Wednesday, 17 April 2019

How to be brave at work and face your fears

There’s a saying that goes: why fit in, when you were born to stand out! However, many of us have a deep-rooted fear of failure or criticism in the workplace, which means we are more than happy to stay beneath the radar and remain unnoticed. While this may work for a time, there are occasions at work – when negotiating pay rises or promotions, for example – that we have to stand up and be counted.

It’s not uncommon to have sleepless nights at the thought of having to give a presentation in front of a crowd or when faced with the prospect of being more assertive with a colleague to resolve an issue. But in order to move forward it’s absolutely necessary to overcome our fears and step outside of our comfort zone for time to time.

Fortunately, there are strategies that you can practise to build your confidence and give you the courage you need to be brave and assert your ideas.

What’s the worst that would happen?

The moment you choose to overthink and imagine outcomes of a situation, you fill yourself with fear. Let’s face it, you’re unlikely to lose your job just because you’ve expressed a well-thought out idea or asked for a pay rise. So sometimes, it really does help to think about what the worst outcome would really be – and it’s never as bad as your initial emotional reaction. When you approach any situation from a calm, logical perspective, you’ll realise the outcome is usually much more positive than you imagine. Practise this and you could save yourself days of stress in the process.

Building confidence

In order to be brave at work, you need to build confidence and have self-belief that your ideas are worthy and that your opinions matter. Begin by expressing your thoughts clearly and make sure you back up your views with research – people can’t argue with facts! Practise the conversations in your head – or engage your friends and family members in some role play exercises. Remember, not everyone is going to agree with you all the time, but everyone brings a unique perspective to their work, so chances are your opinion might address something that others hadn’t even considered.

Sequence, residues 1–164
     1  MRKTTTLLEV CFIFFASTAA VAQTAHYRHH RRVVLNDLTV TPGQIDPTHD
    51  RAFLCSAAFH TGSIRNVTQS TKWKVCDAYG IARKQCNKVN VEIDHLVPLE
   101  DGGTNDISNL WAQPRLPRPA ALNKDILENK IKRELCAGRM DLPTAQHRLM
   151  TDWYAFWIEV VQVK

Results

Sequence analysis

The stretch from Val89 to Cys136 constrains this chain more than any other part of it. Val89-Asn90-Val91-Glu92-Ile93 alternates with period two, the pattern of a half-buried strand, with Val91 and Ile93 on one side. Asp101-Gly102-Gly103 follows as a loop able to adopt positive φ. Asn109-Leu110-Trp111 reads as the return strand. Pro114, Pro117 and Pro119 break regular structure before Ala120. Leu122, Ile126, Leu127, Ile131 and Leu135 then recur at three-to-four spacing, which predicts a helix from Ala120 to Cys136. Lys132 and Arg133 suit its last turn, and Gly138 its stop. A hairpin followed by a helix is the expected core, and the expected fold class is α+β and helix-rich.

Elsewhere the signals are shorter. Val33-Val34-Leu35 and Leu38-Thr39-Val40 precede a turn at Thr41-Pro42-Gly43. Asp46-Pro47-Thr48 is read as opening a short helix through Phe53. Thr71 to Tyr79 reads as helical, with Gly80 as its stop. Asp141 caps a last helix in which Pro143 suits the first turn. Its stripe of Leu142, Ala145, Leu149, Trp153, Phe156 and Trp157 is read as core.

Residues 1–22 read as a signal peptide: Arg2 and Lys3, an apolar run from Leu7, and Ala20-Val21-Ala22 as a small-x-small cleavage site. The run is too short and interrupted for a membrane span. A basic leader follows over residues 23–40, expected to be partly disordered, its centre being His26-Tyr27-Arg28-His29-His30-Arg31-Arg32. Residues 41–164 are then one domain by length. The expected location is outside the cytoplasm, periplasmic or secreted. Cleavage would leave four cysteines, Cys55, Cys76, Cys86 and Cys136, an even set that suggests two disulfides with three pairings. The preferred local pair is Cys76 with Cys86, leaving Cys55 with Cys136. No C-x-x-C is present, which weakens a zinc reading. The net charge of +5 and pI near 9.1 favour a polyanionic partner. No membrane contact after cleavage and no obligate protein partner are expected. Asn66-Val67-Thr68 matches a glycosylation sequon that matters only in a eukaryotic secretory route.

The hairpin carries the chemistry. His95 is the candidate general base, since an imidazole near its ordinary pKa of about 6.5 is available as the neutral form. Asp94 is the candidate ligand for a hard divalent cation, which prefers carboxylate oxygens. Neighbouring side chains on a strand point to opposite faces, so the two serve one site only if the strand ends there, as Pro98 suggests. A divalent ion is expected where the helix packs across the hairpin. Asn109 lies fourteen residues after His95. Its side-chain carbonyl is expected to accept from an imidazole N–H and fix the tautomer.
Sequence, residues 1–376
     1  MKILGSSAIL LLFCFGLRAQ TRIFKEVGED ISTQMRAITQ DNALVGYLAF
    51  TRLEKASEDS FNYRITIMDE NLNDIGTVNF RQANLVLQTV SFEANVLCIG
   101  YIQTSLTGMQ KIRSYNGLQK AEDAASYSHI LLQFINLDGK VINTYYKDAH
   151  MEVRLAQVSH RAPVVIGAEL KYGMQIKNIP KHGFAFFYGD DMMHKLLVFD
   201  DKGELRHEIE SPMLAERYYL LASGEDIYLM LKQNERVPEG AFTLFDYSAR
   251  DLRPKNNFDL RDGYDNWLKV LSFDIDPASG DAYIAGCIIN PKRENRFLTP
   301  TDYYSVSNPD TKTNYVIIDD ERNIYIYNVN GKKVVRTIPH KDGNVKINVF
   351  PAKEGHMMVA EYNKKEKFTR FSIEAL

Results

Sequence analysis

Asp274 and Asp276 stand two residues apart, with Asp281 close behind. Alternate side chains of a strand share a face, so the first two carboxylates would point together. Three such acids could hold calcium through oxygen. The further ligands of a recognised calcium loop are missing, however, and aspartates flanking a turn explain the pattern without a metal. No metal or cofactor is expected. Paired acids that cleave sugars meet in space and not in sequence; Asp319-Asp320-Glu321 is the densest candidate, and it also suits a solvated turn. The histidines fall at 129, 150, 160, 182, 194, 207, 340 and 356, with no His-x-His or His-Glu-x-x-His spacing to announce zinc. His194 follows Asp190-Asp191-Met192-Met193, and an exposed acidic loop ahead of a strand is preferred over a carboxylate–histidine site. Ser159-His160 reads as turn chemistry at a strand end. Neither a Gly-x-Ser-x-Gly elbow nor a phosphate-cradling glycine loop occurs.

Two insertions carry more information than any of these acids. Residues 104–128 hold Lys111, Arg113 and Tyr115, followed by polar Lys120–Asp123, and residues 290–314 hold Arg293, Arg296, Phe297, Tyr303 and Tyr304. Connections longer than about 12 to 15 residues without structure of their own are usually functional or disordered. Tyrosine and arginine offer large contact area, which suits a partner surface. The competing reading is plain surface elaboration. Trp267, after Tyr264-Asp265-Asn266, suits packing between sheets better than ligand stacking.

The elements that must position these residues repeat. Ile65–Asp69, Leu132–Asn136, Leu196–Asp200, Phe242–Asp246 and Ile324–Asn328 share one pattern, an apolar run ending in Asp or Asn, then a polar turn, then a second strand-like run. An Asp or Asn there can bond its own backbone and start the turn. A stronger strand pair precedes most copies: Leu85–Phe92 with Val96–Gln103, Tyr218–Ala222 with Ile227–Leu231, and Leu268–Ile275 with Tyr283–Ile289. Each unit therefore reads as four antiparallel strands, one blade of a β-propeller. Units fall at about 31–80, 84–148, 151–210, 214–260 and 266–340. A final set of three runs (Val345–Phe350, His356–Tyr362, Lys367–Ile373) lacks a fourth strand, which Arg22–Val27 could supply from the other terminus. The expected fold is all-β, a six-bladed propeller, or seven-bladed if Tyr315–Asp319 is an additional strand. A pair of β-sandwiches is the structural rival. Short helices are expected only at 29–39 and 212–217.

Attitude is everything

Our automatic reaction to addressing a colleague who doesn’t agree with our opinions is usually to become defensive. We take criticism personally, when it’s usually not intended to be. The best response is to give people the opportunity to address their issues with you personally and answer them as best as you can – calmly. Remember, it’s about working as a team for the best interests of the company. Defend your views confidently but be willing to listen to others’ views at the same time. No-one gets it right all the time. One of the best ways to overcome your fears is by accepting constructive criticism. Sometimes, it can be a hard pill to swallow but it’s a great way of increasing your confidence. When we accept our own flaws and mistakes, we learn how to improve ourselves and will find that people will begin to respect us more as a result.

For some more tips on how to build confidence, read one of our previous blog posts here.

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